MONGRELS IS STEPHEN GRAHAM JONES’S first werewolf novel. Even though it follows in a long series of genre publications (from zombie novels to slasher stories), it nevertheless rejects the idea that we should already know what kind of narrative to expect from a horror writer. In addition to offering a story about how cool it is to shapeshift into a powerful monster, Mongrels is also a reflection on the ever-present theme of belonging that appears throughout many of Jones’s other works.

Mongrels tells the story of a boy attempting to piece himself together through continuous reinvention: with every new chapter, we see a different facet of his identity as he explores the roles of a delinquent, a superhero, a Halloween enthusiast, a star-crossed lover, a nephew, and a son. We follow this unnamed narrator from the age of seven to the age of 17, and he’s constantly changing and maturing. Like many of Jones’s characters, the boy is driven by the desperate wish to belong.

Like Pidgin in Jones’s debut novel, The Fast Red Road: A Plainsong (2000), the narrator of Mongrels is haunted by the absence of his dead mother. And, like Pidgin, he’s also mystified by the absence of his father. Dalimpere, the white Indian Agent in Jones’s Ledfeather (2008), experiences trauma on the reservation and becomes more and more immersed in natives’ lives; similarly, the narrator of Mongrels keeps wondering just how much it will take for him to really become one of them. In Dalimpere’s case, one of them means becoming an Indian, a Piegan Blackfeet. In the case of our teenage narrator in Mongrels, becoming one of them means becoming a werewolf, like his aunt, uncle, and grandfather.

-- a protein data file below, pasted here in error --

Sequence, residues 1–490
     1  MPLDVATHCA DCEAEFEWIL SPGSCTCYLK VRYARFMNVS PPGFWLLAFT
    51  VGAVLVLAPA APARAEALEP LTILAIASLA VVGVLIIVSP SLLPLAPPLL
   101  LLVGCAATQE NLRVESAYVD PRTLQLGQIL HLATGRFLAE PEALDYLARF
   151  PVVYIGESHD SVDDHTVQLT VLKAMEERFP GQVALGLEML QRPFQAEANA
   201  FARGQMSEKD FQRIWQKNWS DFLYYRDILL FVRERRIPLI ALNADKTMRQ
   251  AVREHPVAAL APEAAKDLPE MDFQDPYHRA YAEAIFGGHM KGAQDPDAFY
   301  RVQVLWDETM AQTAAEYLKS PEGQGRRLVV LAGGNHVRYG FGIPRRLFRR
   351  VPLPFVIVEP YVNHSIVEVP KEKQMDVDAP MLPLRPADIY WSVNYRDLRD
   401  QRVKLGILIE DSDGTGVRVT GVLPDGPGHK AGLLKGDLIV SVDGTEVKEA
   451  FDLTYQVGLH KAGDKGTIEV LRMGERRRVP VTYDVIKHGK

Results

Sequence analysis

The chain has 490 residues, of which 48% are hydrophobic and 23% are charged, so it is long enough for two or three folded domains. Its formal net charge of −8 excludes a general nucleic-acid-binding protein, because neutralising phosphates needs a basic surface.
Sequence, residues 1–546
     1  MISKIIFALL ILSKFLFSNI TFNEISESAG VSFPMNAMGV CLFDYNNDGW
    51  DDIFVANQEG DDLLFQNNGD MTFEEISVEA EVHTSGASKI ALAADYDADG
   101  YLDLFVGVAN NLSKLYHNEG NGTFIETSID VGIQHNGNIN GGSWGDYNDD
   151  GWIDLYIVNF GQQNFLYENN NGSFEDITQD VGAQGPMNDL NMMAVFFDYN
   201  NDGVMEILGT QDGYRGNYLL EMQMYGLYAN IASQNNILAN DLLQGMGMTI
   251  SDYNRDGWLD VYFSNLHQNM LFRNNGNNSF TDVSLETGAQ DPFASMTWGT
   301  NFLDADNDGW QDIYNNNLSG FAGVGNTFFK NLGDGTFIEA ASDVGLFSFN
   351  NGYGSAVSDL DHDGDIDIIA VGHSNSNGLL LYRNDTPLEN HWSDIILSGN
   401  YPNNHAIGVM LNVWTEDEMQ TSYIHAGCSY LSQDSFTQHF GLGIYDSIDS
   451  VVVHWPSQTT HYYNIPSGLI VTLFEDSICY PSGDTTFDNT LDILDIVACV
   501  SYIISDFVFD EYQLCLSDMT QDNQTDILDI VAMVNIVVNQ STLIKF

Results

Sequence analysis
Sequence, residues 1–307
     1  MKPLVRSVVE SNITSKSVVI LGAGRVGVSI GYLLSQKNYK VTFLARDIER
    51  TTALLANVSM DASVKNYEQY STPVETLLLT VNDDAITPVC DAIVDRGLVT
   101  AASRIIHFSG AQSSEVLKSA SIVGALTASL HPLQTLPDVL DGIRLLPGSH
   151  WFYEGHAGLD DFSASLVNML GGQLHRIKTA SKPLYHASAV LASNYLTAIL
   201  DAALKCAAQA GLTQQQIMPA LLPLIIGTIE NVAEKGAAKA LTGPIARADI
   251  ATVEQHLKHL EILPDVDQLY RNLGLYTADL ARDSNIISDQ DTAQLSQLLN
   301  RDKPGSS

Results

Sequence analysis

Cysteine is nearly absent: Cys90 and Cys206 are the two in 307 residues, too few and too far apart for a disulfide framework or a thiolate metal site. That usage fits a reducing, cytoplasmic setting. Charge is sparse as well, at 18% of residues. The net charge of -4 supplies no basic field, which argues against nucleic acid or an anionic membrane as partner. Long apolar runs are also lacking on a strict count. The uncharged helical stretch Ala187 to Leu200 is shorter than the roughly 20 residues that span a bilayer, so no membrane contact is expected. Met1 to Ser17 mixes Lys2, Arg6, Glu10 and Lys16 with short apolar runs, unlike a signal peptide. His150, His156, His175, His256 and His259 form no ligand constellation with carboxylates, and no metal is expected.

The difficulty, however, is that the narrator of Mongrels struggles with having the blood and looks without actually being a true werewolf. He longs for the shift, for his first transformation, for a moment when he will finally see the world the way the other werewolves see it — because he knows that for them, it’s a different world. The narrator’s problem is not unlike the challenge faced by LP Deal in Jones’s The Bird is Gone: A Monograph Manifesto (2003): LP feels like an impostor because he is a Native American of the generation “after.” His experience of his heritage is tainted by a sense of arriving in the aftermath of centuries of genocide, after reeducation, and after the loss of his native language.